Sep 25 2016 - 9:50 pm

DrHippi wins Hearthstone EU Summer Championship, qualifies for BlizzCon

Virtus Pro’s Artem "DrHippi" Kravets has won the Hearthstone European Summer Championship Tour, sending him through to Worlds
Sam Nordmark
Writer at @dotesports

Virtus Pro’s Artem "DrHippi" Kravets has won the Hearthstone European Summer Championship Tour, sending him through to Worlds.

The Ukrainian player’s first ever major tournament victory comes nine months after his latest grand final-appearance at the 2016 Hearthstone European Winter Championship earlier this year, which he lost to teammate Ole "Naiman" Batyrbekov.

After narrowly passing George "Likeabawse" Papadimitrakopoulos in the opening round of the playoffs, it looked like smooth sailing for the Ukrainian. He worked his way through Loic “DizDemon” Poulain and finally George "Georgec" Connolly to claim a first-place finish and a spot at the Hearthstone Championship Tour’s conclusion at BlizzCon.

DrHippi is the third European representative at BlizzCon’s Hearthstone tournament, he will join Thijs "Thijs" Molendijk and Naiman at the convention, which takes place from Nov. 4 to 5.

Jan 9 2017 - 11:57 pm

CLG opens Hearthstone division

The organization has recruited the majority of Na`Vi's former roster.
Sam Nordmark
Writer at @dotesports
Image via Blizzard Entertainment | Remix by Saira Mueller

One of the biggest North American esports organizations is looking to make an impact in Hearthstone in 2017.

Consisting of the majority of the former Natus Vincere stable, Counter Logic Gaming announced today that it has signed Frederik "Hoej" Nielsen, Sebastian "Xixo" Bentert, and Kim "Surrender" Jung-soo.

The three players are widely considered to be some of the best in the world, with Xixo in particular having a powerful showing in 2016—winning both SL i-L StarSeries Season 2 and also defeating Jon "Orange" Westberg in the recent European WESG qualifiers.

This is Counter Logic Gaming's first-ever foray into competitive Hearthstone, two years after the game was first released. While a majority of firmly established esports franchises still retain Hearthstone rosters, 2016 saw several big teams release their divisions in the title. This included Na`Vi, which released its entire roster in September last year, including 2015 Hearthstone World Champion Sebastian "Ostkaka" Engwall.

With a new organization firmly behind them, it will be interesting to see whether or not the former Na`Vi trio can achieve as much success as they did in previous years.

Jan 20 2017 - 9:38 pm

Blizzard designer says Hearthstone Shamans "don’t win too often"

The deck is still stifling the meta game, however.
Callum Leslie
Weekend Editor, Dot Esports.
Image via Blizzard Entertainment

Shaman continues to dominate the Hearthstone ladder, and at this point players are resigned to it. They are just hoping that in a few months' time the new set rotation will shake things up and dislodge it from its position at the top of the tree.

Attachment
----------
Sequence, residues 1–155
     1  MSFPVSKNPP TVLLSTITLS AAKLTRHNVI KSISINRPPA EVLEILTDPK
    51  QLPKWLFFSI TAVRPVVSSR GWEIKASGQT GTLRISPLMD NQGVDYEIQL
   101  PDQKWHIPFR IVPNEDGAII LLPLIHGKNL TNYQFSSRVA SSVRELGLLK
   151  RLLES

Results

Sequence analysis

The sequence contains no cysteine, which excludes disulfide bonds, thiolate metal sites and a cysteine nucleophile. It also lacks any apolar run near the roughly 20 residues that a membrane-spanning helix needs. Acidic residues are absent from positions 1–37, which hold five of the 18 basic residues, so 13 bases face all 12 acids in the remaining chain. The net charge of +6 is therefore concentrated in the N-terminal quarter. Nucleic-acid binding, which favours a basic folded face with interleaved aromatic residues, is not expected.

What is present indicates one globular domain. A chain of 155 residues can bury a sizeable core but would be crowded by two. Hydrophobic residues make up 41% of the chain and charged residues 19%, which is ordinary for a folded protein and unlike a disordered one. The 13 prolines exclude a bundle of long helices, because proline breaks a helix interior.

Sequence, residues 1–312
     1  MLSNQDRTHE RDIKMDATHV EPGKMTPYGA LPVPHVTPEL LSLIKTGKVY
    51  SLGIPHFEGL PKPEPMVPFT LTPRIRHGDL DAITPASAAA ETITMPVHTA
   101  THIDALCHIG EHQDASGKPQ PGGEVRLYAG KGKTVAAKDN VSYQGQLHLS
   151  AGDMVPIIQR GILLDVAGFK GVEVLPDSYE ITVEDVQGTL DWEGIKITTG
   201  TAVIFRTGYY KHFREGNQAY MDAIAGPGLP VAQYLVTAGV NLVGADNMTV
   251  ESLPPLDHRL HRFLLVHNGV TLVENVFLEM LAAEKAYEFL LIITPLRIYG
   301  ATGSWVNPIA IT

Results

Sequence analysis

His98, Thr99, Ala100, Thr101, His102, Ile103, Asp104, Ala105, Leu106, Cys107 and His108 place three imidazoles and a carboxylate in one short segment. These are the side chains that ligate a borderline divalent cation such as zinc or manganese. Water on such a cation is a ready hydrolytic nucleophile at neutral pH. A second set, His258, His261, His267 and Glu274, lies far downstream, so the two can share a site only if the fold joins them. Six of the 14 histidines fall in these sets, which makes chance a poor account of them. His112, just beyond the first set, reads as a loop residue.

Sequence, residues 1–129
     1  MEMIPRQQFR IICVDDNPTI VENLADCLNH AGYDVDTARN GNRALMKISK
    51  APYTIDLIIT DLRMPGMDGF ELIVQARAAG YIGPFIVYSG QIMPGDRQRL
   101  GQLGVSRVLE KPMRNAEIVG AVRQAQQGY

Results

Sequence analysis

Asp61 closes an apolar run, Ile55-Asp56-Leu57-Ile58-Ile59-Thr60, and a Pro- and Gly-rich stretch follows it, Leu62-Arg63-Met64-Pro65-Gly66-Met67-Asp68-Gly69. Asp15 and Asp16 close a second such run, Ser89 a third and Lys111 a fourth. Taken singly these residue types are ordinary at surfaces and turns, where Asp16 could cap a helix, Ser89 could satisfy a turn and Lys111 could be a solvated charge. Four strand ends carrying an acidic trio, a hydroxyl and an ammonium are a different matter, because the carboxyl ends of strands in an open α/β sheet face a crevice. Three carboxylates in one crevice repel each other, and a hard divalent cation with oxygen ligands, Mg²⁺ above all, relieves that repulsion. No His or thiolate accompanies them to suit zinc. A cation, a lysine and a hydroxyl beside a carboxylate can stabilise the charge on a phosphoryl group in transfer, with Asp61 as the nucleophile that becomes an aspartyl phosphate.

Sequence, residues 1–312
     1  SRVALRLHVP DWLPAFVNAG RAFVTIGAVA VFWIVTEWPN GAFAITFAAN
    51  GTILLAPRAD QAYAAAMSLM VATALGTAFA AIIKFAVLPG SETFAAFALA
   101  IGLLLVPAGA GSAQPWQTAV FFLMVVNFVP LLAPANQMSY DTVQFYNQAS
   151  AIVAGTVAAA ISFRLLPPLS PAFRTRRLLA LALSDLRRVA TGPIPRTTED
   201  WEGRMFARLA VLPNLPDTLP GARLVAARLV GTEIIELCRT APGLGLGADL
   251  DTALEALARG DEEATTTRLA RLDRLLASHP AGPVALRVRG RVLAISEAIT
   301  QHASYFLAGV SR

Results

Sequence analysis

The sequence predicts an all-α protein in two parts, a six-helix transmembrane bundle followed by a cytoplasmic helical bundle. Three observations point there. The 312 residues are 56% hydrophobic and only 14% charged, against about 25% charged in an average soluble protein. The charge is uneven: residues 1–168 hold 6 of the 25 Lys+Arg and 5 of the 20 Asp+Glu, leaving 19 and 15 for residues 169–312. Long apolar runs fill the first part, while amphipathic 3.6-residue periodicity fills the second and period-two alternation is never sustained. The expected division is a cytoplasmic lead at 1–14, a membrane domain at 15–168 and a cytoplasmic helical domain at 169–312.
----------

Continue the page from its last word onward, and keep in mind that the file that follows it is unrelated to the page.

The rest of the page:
Blizzard game designer Max McCall addressed the power of the class on the official forums recently—but according to him, the class doesn't have an overwhelming success rate.

"All of those [Shaman] decks are strong," McCall said. "but they are all weak against Dragon decks (like Priest and Warrior) and Reno decks. If you’re tired of losing to Shamans, play Reno Warlock. In some ways, that is fine: Shamans are popular, but there are strategies that are good against them."

"Playing Shaman isn’t a dominant strategy – again, they lose to plenty of decks – but it is still boring to play against the same class over and over again," he continues.

These comments puzzled and angered some players, who pointed to their own experience and other sources of data like the Vicious Syndicate meta report that suggested these matchups were much closer than McCall suggested. And the other matchups were much more one-sided for the Shaman. Indeed, in a second forum post McCall that Reno Warlock was only favored by half a percentage point.

Others took issue with McCall's characterization of the state of Shaman deckbuilding. According to McCall, there are aggressive decks which run pirates, and midrange decks that run pirates and jade cards. But by virtue of running pirates, the inclusion of jade cards doesn't stop a deck from being aggressive in style (something we have highlighted before).

Jade Claws and Jade Lightning, which are often the only jade cards run in the faster lists, lend themselves very well to an aggressive style. Jade Claws takes the spot of Spirit Claws, as early game weapons continue to drive aggressive Shaman decks with value and early pressure.

However, McCall did rightly admit that Shaman is a problem on ladder because of how frequently it appears. According to his data, Shaman currently makes up about 25 percent of games on ladder. This can make games feel repetitive and a grind, especially if you aren't playing one of the limited counters.

At the end of the day, Blizzard is watching Shaman closely. And if it doesn't decrease in popularity, it is prepared to make changes. But that won't help those players who feel demoralized by the ladder right now.